USDA offers numerous programs to help farmers, ranchers, and businesses access the organic market. This page explains USDA's top resources supporting organic agriculture. For more comprehensive, in-depth guides, take a look at the following resources:
Loans, Financing, and Conservation Assistance
The Organic Certification Cost-Share Program works with State departments of agriculture to reimburse eligible operations for as much as 75 percent of their certification costs - up to a maximum of $750 a year. This program is open to producers and handlers across the United States.
The USDA Farm Service Agency can support both organic producers and those transitioning to organic certification:
- The Conservation Reserve Program provides financial assistance to establish protective natural borders along fields that produce organic crops, such as field windbreaks, shelterbelts, filter strips, bird and pollinator habitats.
- The Microloan Program offers streamlined financial assistance for farm ownership or operating costs, such as operating expenses, machinery, equipment, seed, fertilizer, repairs, land and water conservation, real estate purchases, and more.
- The Farm Storage Facility Loan Program makes low-interest financing available for permanent or portable, new or used storage and handling equipment, including refrigerated and mobile storage.
- The Noninsured Crop Disaster Assistance Program offers financial assistance for losses of non-insurable crops due to natural disasters. Organic crops may receive the organic average market price.
- Loans against unsold, stored commodities are available for stored commodities pledged as collateral to provide interim financing to help organic producers meet cash flow needs without having to sell commodities after harvest when market prices are low.
- Personalized local support such as mapping farm and field boundaries and reporting organic acreage that can be provided to a farm's organic certifier or crop insurance agent.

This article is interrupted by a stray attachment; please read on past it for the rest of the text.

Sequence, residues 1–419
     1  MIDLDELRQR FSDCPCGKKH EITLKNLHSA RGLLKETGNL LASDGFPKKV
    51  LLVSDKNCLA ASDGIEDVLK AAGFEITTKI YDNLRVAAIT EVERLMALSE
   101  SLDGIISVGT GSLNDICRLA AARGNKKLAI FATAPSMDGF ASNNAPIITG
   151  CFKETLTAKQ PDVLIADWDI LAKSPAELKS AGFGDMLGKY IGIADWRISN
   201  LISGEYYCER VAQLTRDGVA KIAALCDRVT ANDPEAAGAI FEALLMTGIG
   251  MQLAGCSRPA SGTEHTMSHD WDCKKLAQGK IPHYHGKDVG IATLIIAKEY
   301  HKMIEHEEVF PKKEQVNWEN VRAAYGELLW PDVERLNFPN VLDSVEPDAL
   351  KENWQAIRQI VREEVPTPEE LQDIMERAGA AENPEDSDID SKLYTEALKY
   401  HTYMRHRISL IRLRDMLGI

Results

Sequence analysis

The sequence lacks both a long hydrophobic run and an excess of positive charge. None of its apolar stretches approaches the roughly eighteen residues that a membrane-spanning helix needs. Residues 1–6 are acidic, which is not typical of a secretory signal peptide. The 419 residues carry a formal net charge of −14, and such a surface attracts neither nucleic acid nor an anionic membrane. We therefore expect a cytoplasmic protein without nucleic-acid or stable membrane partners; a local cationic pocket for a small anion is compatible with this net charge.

Business plans are key to the success of farms and ranches. Take a look at USDA resources on planning for your business.
USDA's Natural Resources Conservation Service provides technical and financial assistance to producers who are certified organic, as well as those who are transitioning (PDF) to certified organic agriculture. Numerous NRCS conservation practices help producers meet USDA organic practice standards through the use of cover crops, nutrient management plans, grazing plans, fencing, irrigation, buffers and more. While all programs can support organic producers, the following programs offer key assistance:
- The Environmental Quality Incentives Program (EQIP) provides financial and technical assistance to agricultural producers to help plan and implement conservation practices that address natural resource concerns and for opportunities to improve soil, water, plant, animal, air and related resources on agricultural land.
- The EQIP Organic Initiative is only open to producers must be certified organic, transitioning to organic certification, or exempt from certification, which means less competition for funding. NRCS's Conservation Activity Plan 138 helps transitioning-to-organic producers by addressing the natural resource concerns of their operation.
- The Conservation Stewardship Program (CSP) helps agricultural producers maintain and improve their existing conservation systems and adopt additional conservation activities to address priority resource concerns. Participants earn CSP payments for conservation performance: the higher the performance, the higher the payment.
- The Agricultural Management Assistance (AMA) Program helps agricultural producers manage risk and solve natural resource issues through conservation.
- Organic Crop Insurance Fact Sheet
- Organic Premium Price Elections Available by Commodity
- Contract Price Addendum
- Whole Farm Revenue Protection
Value-Added Producer Grants from USDA's Rural Business-Cooperative Service (RBS) offer funding to independent producers to process their raw products into processed products, such as making applesauce from apples. Grants may be used for planning activities and for working capital, as well as for farm-based renewable energy.
USDA's Agricultural Marketing Service Grant Programs, including the Farmers Market and Local Food Promotion Programs, as well as Specialty Crop Block Grants, may support projects related to organic agriculture. Grantees are generally businesses, non-profits, tribes, or other entities.